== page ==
You use the term “internal objective standard” whereas most use the term “God’s Character.” (You appear to later interchange these terms.) Perhaps my use of “God’s Character” was confusing, so I will use your nomenclature of “internal objective standard.”

    My question, then, is this: Is “internal objective standard” the exact same as God? Or is it different? If different, what is within “internal objective standard” that is NOT within God, or what is within God that is not within “internal objective standard”?

    I will try to explain, so you can see where I am coming from.

    Euthyphro makes no distinction between “external” or “internal” when it comes to God, and the ability to make moral decisions. Whether the standard is external or internal makes no difference. The question is whether the decision making process is external or internal to the standard.

    Assume there is some internal objective standard within God that absolutely, positively mandates that humans cannot eat meat on Friday’s. Whether we look at this standard, God looks at it or anyone else—there it is: No meat on Friday.

    However, within the rest of God is the ability to choose whether to follow this standard or not. God can look at the standard and say, “Yes. I like that. I will make it a rule” OR God can look at it and say, “Well. I considered it. While I recognize it as a standard, even a standard that I made, I can choose to not implement it.”

    OR, is there something within God that binds Him to that internal standard? That God looks at the standard, and has no ability to choose to do anything BUT mandate no meat on Friday?

    I hope I have explained why the question is not whether the standard is internal, but rather the decision making process is.

    I guess before I go further, I would have to know how you would answer that question—Can God make a choice about the “internal objective standard”?

    More: God loves good because it is good, but He does not need to look outside Himself to define good, it is inherent in His character.

    O.K. But the question of Euthyphro is NOT where God can find the definition of Good, but rather whether God is bound to follow that definition, or God can change the definition as he goes along.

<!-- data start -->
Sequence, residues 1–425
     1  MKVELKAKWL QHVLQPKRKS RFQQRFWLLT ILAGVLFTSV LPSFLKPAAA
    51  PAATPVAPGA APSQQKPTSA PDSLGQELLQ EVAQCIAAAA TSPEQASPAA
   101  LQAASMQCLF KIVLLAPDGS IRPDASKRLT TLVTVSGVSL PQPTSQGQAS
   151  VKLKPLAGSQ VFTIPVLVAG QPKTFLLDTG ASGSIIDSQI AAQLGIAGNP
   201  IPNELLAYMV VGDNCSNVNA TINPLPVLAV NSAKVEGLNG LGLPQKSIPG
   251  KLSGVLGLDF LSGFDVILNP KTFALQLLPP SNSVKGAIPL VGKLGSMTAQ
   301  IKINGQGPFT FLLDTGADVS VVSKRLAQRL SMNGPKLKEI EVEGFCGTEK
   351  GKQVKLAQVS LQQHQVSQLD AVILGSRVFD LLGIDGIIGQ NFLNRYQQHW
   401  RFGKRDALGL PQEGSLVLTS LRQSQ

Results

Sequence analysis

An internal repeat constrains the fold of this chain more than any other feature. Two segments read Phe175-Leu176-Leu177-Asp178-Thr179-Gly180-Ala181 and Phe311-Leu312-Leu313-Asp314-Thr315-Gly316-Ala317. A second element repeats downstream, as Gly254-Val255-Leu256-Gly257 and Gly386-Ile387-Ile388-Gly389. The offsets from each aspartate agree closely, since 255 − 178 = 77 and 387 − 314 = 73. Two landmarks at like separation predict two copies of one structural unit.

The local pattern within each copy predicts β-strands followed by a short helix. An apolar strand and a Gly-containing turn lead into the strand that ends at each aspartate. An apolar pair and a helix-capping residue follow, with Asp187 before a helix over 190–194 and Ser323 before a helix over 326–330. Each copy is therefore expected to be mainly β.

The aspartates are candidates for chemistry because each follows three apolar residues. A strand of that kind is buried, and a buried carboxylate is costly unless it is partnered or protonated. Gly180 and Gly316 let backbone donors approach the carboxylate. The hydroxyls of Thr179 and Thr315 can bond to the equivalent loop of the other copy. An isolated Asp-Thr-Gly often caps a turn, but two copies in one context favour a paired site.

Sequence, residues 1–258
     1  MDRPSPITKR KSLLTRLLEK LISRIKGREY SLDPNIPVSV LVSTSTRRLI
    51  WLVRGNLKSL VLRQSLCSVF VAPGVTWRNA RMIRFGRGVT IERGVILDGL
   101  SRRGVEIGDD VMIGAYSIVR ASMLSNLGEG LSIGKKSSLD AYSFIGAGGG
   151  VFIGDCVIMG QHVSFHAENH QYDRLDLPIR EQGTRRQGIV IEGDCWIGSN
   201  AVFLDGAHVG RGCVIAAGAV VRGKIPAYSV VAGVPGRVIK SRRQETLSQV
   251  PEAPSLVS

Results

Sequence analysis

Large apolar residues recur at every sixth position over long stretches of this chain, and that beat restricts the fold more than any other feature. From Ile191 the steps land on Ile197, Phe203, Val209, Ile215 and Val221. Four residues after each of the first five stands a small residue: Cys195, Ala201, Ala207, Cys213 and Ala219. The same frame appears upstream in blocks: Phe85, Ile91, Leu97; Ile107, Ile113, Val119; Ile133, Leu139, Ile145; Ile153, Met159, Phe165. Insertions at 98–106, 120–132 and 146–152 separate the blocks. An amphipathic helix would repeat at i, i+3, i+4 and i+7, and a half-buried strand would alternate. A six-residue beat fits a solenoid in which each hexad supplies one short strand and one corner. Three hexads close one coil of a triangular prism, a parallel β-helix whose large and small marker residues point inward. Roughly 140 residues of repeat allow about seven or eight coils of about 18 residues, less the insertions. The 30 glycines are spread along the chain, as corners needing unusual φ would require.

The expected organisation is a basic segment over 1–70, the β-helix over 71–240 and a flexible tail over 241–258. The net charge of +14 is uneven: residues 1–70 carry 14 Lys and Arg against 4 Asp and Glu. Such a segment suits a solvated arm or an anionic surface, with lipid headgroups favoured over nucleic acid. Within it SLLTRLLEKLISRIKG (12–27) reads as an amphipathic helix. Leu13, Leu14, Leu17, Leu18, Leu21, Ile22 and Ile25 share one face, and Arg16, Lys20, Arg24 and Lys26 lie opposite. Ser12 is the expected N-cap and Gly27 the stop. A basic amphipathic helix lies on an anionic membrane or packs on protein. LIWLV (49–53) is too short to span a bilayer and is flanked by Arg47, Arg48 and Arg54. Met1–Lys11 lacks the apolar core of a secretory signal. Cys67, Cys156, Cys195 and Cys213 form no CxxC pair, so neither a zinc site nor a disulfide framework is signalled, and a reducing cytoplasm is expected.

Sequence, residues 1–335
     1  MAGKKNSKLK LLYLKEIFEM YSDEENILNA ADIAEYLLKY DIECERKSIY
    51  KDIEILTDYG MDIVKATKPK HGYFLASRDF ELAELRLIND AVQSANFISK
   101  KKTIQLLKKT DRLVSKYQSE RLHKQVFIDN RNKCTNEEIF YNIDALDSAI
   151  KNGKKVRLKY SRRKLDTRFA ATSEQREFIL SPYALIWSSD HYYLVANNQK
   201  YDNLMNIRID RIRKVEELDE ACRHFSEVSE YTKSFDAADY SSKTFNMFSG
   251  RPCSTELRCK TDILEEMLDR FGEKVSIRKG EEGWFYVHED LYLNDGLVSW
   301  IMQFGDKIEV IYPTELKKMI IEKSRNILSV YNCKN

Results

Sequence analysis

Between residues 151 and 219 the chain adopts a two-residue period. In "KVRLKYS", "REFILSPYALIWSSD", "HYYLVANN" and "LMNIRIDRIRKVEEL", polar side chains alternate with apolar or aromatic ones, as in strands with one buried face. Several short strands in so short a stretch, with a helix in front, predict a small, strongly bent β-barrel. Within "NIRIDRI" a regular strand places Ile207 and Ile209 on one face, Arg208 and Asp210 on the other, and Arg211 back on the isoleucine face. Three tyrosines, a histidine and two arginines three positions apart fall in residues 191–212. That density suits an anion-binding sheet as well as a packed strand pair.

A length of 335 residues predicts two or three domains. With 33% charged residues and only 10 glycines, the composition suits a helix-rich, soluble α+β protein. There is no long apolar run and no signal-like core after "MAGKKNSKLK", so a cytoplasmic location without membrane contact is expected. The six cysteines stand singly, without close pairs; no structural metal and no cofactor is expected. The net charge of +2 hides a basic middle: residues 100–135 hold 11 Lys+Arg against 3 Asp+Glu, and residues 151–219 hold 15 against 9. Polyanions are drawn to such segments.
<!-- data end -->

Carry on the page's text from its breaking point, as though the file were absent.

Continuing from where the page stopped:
3. Dagoods, thanks for the explanation.

    The short answer is that God's character is immutable, and that His character determines the standard He holds to. You seem to conflate the standard and the practicalities of following the standard within God, as if He can change His character as He goes along. I've already answered this in my initial post, that any standard that is not part of God's Godliness would mean that there is something bigger and greater than Him that set that standard.

    That kind of God would be very worrisome, that on His whims He could change the standard, because it means that it would be impossible for anyone to know what God expects of them. Thankfully that scenario is not true, God's character stays the same, as does the standards derived from it.

    In that way we can trust God, and be sure that both His expectations and promises are believable and eternal.

    I'm sure you want to go somewhere with this, so can you maybe get to the point?

  4. That which is perfect cannot and need not change.

  5. The problem here is that God's Omniscience and timelessness are both denied. God does not have to "check with His character" to see what it good or not. God decides what is good by simply determining it. Simple.

    God does not "wake up" for He neither sleeps nor slumbers. He doesn't "Look about" and think, “Wouldn’t it be interesting...", for He has already declared the end from the beginning, and from ancient times things not yet done, saying "My council shall stand, and I will do all my pleasure".

    Take God out of your time warp, and your delimma will be solved.

    (I'll be kind and not quote what Calvin says about these suggested delimmas).